Sometimes, our language's very helpful ability to convey ambiguity turns on us. Suddenly, we find ourselves able to begin seriously discussing machines that do consciousness, and the ambiguity, which was once such a helpful placeholder, may now be holding the discussion back. For an example, consider the term “Artificial Life” 
. It clearly invokes the Life-Consciousness
aspect of the word life. Right now, though, we're all just groping around in the dark to discern the shape of the surrounding cloud of related concepts. At this stage, our use of terms like “artificial life” (to give one example) may be producing more confusion than clarity.
“The first step towards wisdom is to call things by their proper names”
The mind/brain discussion sits at the edge of what we know and what we don't know. At this hairy edge, one of the primary challenges is to find decent well-defined labels for emerging concepts. Ideally, the labels we use should represent consistent relationships to other, known, concepts.
The process of picking better labels is all
opinion at this point and that could make for some lively discussions. This suggests a really strong need for civility and humility, and in that spirit, I'm just throwing out the following suggestion as something for you to think about.
Please give some thought to one term that has served the discussion well, but is now (imo) starting to produce more confusion than clarity. That term is Artificial Intelligence 
- Artificial: The word Artificial has been a problem for some time. It seems to have led to ever more spectacular implementations of things like ELIZA , which are designed merely to fool the human on the other end of the terminal into thinking it's a conscious entity (those who properly ask “is there a difference?” should search John Searle).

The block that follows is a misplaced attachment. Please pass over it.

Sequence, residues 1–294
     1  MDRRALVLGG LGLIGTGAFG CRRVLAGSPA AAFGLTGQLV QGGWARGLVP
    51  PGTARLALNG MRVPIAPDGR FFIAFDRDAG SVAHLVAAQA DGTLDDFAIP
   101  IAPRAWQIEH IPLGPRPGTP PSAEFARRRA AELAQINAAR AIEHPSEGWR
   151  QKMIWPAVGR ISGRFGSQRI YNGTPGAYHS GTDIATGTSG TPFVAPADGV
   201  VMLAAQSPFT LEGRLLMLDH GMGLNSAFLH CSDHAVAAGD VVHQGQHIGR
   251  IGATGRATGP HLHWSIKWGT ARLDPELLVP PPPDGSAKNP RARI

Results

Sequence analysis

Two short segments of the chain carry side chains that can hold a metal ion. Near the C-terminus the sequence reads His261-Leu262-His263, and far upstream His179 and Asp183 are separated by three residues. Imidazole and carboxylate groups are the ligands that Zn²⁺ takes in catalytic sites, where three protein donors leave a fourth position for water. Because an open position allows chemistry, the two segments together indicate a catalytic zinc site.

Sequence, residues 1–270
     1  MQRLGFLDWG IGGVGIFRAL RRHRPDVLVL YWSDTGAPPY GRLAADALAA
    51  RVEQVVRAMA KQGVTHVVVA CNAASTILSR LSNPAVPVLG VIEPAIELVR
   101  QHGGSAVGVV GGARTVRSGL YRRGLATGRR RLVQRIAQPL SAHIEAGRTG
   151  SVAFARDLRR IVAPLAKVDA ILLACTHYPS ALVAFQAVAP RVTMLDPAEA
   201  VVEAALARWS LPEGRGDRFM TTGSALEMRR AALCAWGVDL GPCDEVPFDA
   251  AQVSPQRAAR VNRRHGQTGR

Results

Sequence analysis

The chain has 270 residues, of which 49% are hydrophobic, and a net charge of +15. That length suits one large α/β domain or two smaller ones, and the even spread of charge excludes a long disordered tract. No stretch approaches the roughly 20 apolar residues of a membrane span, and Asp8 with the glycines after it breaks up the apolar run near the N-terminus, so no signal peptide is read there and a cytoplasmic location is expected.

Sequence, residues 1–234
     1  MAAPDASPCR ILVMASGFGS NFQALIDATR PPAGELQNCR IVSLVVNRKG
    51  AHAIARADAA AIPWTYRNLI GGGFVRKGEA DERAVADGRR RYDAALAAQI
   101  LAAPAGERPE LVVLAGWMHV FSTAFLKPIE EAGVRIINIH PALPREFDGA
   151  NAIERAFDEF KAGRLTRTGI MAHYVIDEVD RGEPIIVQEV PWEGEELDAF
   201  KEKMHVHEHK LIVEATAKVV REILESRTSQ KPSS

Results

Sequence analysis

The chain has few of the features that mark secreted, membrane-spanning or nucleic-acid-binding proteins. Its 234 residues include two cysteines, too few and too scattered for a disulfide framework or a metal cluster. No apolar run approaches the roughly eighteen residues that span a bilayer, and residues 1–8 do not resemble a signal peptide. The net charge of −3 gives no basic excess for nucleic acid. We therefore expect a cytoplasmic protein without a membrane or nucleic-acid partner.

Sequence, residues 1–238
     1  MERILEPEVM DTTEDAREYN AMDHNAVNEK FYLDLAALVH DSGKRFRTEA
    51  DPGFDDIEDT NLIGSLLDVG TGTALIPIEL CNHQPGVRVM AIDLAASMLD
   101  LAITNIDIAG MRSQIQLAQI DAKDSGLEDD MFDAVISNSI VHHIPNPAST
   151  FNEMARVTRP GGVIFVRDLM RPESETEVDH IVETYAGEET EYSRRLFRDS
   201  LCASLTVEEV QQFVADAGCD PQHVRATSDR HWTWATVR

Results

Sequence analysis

- Intelligence: Okay. I get it, nobody wants to use the word “consciousness” because nobody can give a self-evidently clear definition of the word when asked. But, doesn't the word intelligence —as we're using it in this phrase— suffer the same problem?
I personally like the term “Machine Consciousness
” as a replacement. It seems to be the best use of two words, each representing and conveying bundles of concepts and ambiguities. Most importantly, the concepts and ambiguities seem to be representative of what we do know, without imposing hasty assumptions about what we don't know.
But there's another problem lurking in the machine consciousness label. The word consciousness approaches the mystical. That's a hot iron some may not want to touch... though the reasons, today, are probably more dogmatic than rational.
- Scrap the term Artificial Intelligence
- Replace it with Machine Consciousness
As stated, Machine Consciousness
seems to be the best fit for our current understanding. It is the preferred term, and the one that has been used, within the Netlab effort. It is, in fact, the title of chapter three in the Netlab book. Notwithstanding concerns about present day dogmatic sensibilities, it also seems to be getting some decent traction out in the marketplace of ideas.